Black people suffered under this ambiguity, but also seized on it in efforts to transform their nominal freedom. By claiming that they were citizens in their demands for specific rights, they were, Christopher James Bonner argues, at the center of creating the very meaning of American citizenship. In the decades before and after Bates's lament, free African Americans used newspapers, public gatherings, and conventions to make arguments about who could be a citizen, the protections citizenship entailed, and the obligations it imposed. They thus played a vital role in the long, fraught process of determining who belonged in the nation and the terms of that belonging.
Remaking the Republic chronicles the various ways African Americans from a wide range of social positions throughout the North attempted to give meaning to American citizenship over the course of the nineteenth century. Examining newspapers, state and national conventions, public protest meetings, legal cases, and fugitive slave rescues, Bonner uncovers a spirited debate about rights and belonging among African Americans, the stakes of which could determine their place in U.S. society and shape the terms of citizenship for all Americans.A few blurbs:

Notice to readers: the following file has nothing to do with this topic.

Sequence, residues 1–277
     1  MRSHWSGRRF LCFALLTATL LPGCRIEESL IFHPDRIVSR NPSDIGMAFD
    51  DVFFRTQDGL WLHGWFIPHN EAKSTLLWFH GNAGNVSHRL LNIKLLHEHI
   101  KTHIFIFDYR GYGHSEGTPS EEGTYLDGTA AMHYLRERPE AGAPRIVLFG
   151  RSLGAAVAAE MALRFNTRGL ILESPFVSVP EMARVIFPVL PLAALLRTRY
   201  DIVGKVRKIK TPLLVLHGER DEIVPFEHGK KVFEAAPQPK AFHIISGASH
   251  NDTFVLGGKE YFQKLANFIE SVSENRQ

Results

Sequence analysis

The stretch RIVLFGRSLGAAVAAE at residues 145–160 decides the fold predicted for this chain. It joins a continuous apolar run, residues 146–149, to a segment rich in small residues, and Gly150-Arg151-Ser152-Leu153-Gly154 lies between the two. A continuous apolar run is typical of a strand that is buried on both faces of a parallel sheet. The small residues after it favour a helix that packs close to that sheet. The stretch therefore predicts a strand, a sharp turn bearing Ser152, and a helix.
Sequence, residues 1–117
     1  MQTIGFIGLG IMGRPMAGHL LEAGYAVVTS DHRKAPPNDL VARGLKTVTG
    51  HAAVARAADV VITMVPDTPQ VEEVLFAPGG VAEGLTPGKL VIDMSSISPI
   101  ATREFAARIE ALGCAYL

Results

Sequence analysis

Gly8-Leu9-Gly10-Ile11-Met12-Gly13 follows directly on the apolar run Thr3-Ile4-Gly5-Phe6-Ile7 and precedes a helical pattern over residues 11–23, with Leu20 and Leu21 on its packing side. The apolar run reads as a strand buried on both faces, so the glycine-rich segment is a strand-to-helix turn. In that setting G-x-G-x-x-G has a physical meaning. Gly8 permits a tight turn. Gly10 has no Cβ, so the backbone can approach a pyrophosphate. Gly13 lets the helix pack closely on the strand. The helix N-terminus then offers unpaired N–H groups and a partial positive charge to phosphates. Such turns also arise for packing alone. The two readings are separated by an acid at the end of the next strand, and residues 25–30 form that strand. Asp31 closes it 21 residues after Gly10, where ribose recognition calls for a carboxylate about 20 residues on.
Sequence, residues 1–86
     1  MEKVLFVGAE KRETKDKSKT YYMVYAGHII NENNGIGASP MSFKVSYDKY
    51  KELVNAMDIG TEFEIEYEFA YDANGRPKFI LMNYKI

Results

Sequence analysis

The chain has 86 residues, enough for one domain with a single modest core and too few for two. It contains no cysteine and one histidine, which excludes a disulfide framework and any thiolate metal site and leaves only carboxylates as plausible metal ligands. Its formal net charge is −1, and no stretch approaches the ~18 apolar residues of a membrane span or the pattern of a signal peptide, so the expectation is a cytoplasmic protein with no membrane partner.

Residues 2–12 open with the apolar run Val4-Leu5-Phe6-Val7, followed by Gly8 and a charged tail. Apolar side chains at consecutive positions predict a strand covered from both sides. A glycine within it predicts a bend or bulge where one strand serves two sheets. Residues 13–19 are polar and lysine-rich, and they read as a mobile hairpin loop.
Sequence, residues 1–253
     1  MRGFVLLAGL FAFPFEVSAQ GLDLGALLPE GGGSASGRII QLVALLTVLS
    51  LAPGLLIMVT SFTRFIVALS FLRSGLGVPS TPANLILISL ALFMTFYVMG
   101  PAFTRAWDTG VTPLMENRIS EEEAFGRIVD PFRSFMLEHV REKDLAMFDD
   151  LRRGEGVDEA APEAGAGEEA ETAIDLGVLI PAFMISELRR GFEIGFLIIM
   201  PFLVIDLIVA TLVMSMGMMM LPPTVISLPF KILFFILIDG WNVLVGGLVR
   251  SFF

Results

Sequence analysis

"Remaking the Republic is a must read for anyone seeking to understand how citizenship has evolved in the United States. Christopher James Bonner show us how black Americans were the first architects of national belonging in the early republic. His ambitious research tells a story about how they countered the racism of colonization schemes and black laws with a shrewd insistence upon their rights as citizens. This inspiring quest contains indispensable lessons about the past and for our own time."—Martha JonesMore information is available here.
"By taking us inside black activists' multifaceted fight for inclusion across much of the nineteenth century, Christopher James Bonner has crafted one of the most compelling, comprehensive stories about black citizenship in all its many manifestations to date."—Anne Twitty
-- Karen Tani